Electrical issues on my layout

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  • Member since
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Electrical issues on my layout
Posted by NNJRailfan on Sunday, July 08, 2018 8:49 PM

Below is the trackplan of my version of CTT's three-rail "Retro Railroad".  To make it portable, I divided it into four sections A through D which are electrically connected via a daisy chain of plugs and receptacles (voltage does remain consistent across all sections).  The receptacles distribute power from the U, A (common) and C binding posts on my TW transformer to terminal strips on each section which in turn power feeders to the tracks.  As noted on the trackplan, the red and black dots represent the power feeds from the U and A binding posts to the center and outside rails, respectively (although in the crossover and sidings it isn't entirely clear to me which should be the outside rails).

And now, the issues:

1) I have no problems running locos full circle when sections A+B, C+D or A+B+D are connected by trackpins.  However, when all four sections are connected by trackpins, I have a short circuit.

2) Switches 8 and 9 (an O22 and a modern Lionel three-rail switch, respectiively) refuse to stay in the straight position; they automatically snap back to the divergent.  I've found nothing that would short-circuit the switches, and for switch 8 I've tried a couple of units with the same result.

3) As on prior layouts and per the O22 instructions, I've connected the Fixed Voltage Plug on a couple of switches to directly to the C binding post.  However, no power is feeding into the swich motors.  Only the A post powers the switches, but that provides a variable voltage.

Advice, please!

https://www.flickr.com/photos/142900238@N07/42569700404/in/dateposted-public/

 

This car stops at ALL railroad crossings!

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Posted by Nationwidelines on Sunday, July 08, 2018 9:28 PM

OK, I see an inconsistency with your inner loop and the track that connects between the two.  The red dots are on one side track on panel B and on the other side of the track on panel C.  It could be your drawing, but if wired funny, it could be your problem.

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Posted by NNJRailfan on Monday, July 09, 2018 9:58 AM

I also gave that some consideration, but I'm not sure that's the issue.  The center rails in both panels are connected to the U post on the transformer.  My recollection is that either outside rail can be connected to the A post - consider that the metal wheels and axles would conduct electricity to either rail as grounds.

This car stops at ALL railroad crossings!

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Posted by Papa_D on Monday, July 09, 2018 11:00 AM

I would focus on section C wiring. With every panel in place but no connection to transformer check the resistance between the section C center rail and the sections B and D outer rails looking for short, i.e. low resistance.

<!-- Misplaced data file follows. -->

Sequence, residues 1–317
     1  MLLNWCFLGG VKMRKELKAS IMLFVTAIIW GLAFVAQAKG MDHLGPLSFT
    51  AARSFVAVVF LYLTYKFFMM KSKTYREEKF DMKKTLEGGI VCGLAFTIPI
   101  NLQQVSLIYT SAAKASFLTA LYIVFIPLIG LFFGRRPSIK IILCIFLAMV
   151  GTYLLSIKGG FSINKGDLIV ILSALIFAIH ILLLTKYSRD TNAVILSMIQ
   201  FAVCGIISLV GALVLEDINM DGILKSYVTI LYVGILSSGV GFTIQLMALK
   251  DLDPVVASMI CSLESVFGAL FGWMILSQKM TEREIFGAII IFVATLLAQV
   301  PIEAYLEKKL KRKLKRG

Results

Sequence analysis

Papa D

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Posted by NNJRailfan on Monday, July 09, 2018 1:21 PM

Papa D,

I have a battery-operated multimeter - will that be enough to test this?

This car stops at ALL railroad crossings!

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Posted by BigAl 956 on Monday, July 09, 2018 9:01 PM

This track plan has a flaw in that the two loops overlap and will prevent you from running two trains at once. Given that why split the layout up into multiple power blocks? power the entire layout with the exception of sidings as one block. You just need on/off switches to turn off the sidings so you can park a train there.

Other than insulating pins on the center rail of the sidings the outer rail is common around the entire layout. The only place you need to insulate the outer rail is for the non derail feature of switches and to use an insulated track to power an accessory.

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Posted by NNJRailfan on Tuesday, July 10, 2018 2:53 PM

Hi Big Al,

Although the published article on the track plan allows for two-train ops, I have and expect to continue to run only one train at a time (too much noise otherwise!). I wired each panel separately to avoid using connecting track pins between panels - the original track plan was not designed to be modular, so despite my best efforts to avoid it there are spots where switches reach across panels and due to the varying angles it can be very difficult to get the pins to slide in.

Nevertheless, I decided to try the "brute force" method of alleviating the short -- I simply reversed the wiring on the plug coming from panel B -- and it worked.  With all tracks from all panels now connected with track pins, the short is gone.  I'm not sure why and I was hoping to avoid this, but if it works I'm happy.

Unfortunately the other issues remain...

This car stops at ALL railroad crossings!

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